SA Board for People Pratices


On 14 May 2014, under the leadership of the SA Board for People Practices (SABPP) and HR Future magazine, 74 HR professionals gathered in Mogale City to write the first set of HR Professional Practice Standards, supporting the National HR Management System Standard developed in 2013. The HR Management System Standard was already very well received throughout the country and sixteen other countries. Since last year, more than 1500 delegates attended roll-out sessions in six provinces plus in-house presentations to many employers, higher education institutions, top consulting firms and SABPP alliance partners. Thus, we have now entered Phase III of the National HR Standards journey. The three phases are: Development of HR Management System Standard (May 2013); Development of HR Management System Application Standard (August 2013); and Development of HR Professional Practice Standards (May 2014).

With the development of the Professional Practice Standards the focus shifted to specific HR professional practices such as succession planning, employee engagement, dispute resolution, training needs analysis and collective bargaining. Delegates from top companies such as Nedbank, Standard Bank, EOH, Pwc, Fraser Alexander, Anglogold, Goldfields, Sandvik and SARS worked in small groups, tasked with reaching a draft definition of the practice, a checklist or step-by-step guide and a process diagram. Professional practice standards set out the operational or tactical processes that constitute good practice. The professional practice standards give expression to practical issues in more detail than can be covered in the overall high-level HR Management System Standard. 

For instance, career management was defined by the working group as a “structured process through which employees and the organisation work together to achieve a best fit or match of the employee’s own career planning and self-development to the development of the organisation.” This definition was followed up with a process map including the different dimensions and steps in career management such as career planning, career discussions, career counselling, and specific career development programmes. Likewise, similar methodologies were developed for all the other HR professional practice standards outlined below.

Out of an initial list of 30 Professional Practice Standards, the following practices were prioritised according to the needs of South African organisations:

Absenteeism management

Career management

Coaching and mentoring

Collective bargaining

Dispute resolution

Disciplinary procedures

Grievance procedures

Employment equity and diversity management

Leadership development

Learning design

Learning needs analysis

On-boarding

Organisation design

Performance appraisals

Recruitment

Selection

Remuneration benchmarking

Succession planning

In addition to this list, more professional practice standards will be developed in a collaborative mode as and when the need is identified by the market. The goal is to ensure that clear national guidelines are available for all HR practices, irrespective of the size of the organisation or the industry.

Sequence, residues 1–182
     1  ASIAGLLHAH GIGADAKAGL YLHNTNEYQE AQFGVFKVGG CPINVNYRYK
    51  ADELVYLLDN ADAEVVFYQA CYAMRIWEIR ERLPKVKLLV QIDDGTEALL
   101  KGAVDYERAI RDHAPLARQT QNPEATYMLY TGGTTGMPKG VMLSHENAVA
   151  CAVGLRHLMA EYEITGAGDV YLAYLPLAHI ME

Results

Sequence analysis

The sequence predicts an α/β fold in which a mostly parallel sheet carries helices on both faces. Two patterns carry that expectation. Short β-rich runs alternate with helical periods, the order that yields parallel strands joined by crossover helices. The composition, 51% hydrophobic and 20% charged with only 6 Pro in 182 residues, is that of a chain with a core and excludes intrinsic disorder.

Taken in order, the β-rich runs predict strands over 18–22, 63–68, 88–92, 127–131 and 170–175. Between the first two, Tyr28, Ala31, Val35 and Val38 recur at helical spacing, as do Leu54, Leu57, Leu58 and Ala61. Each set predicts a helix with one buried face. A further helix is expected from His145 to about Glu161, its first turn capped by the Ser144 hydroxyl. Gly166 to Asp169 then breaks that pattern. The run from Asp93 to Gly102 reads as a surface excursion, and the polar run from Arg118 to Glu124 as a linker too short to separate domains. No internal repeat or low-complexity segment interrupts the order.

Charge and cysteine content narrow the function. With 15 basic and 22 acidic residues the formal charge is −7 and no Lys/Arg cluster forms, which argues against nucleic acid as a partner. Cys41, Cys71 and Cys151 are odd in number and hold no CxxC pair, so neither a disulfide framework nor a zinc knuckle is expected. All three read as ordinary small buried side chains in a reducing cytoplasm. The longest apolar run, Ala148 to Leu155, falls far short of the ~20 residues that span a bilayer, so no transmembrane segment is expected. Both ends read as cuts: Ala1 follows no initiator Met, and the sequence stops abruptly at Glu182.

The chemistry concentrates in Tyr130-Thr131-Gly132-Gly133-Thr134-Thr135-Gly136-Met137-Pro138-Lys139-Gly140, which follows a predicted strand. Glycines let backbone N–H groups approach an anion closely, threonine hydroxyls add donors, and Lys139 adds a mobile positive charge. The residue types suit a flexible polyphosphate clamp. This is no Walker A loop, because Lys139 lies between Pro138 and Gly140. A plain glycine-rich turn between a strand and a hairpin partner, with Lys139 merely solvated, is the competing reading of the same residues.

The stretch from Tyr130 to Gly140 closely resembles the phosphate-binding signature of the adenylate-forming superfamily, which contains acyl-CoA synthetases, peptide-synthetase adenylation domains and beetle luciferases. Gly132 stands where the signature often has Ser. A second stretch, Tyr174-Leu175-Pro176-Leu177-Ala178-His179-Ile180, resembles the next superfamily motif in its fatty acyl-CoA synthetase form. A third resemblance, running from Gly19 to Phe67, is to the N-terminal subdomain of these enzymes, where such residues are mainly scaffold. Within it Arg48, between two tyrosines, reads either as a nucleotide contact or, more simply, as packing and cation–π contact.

As has been the case with all our other Standards related events, feedback was enthusiastic and emotional, underlying the fact that delegates feel that this is a nation-building process over and above setting HR professional standards, that they are proud to be part of it, and that they have learned a lot in the process from their HR colleagues. Louise McMillan, HR Consultant at EOH Educos says: “The standardisation and alignment of the processes in the HR profession is essential for the ongoing accountability of HR in terms of business success in the future.” Tebogo Masindi, HR Manager at Fraser Alexander Bulk Mech added: “Being part of this important event in history cannot be replaced by anything that I could have done today. We are shaping the future of HR profession in South Africa.” Nceba Ndzwayiba, Transformation Manager at Netcare regarded the HR professional practice standards as “a very exciting innovation that will revitalise HR practice in South Africa.”

The outputs of the groups have now been typed up and circulated for comment and further suggestions, first to the delegates from the 14 May standards development groups, and then to a wider group of HR managers and other interested parties. HR managers and members of the public are welcome to comment on the HR professional practice standards on the SABPP blog www.hrtoday.me. The final version will be launched as part of the proceedings of the second annual HR Standards Conference on 28 August at the Sandton Convention Centre. 

In conclusion, the HR professional practice standards provide opportunities for HR professionals from all nine provinces to standardise the quality of HR practices in order to achieve a higher level of professionalism, excellence and consistency in HR practice. Moreover, a national HR auditing framework has been developed to ensure independent verification on the consistency and quality of the HR management system of organisations, including specific HR practices underpinning the HR system. We look forward to receiving comments from the market and to launch the final version in August.

Penny Abbott , Head of Research and Marius Meyer, CEO of SABPP. Reach them on twitter @SABPP1 or at website www.sabpp.co.za Please join us for the Second Annual HR Standards Conference on 28 August at Sandton Convention Centre, contact chantal@hrfuture.net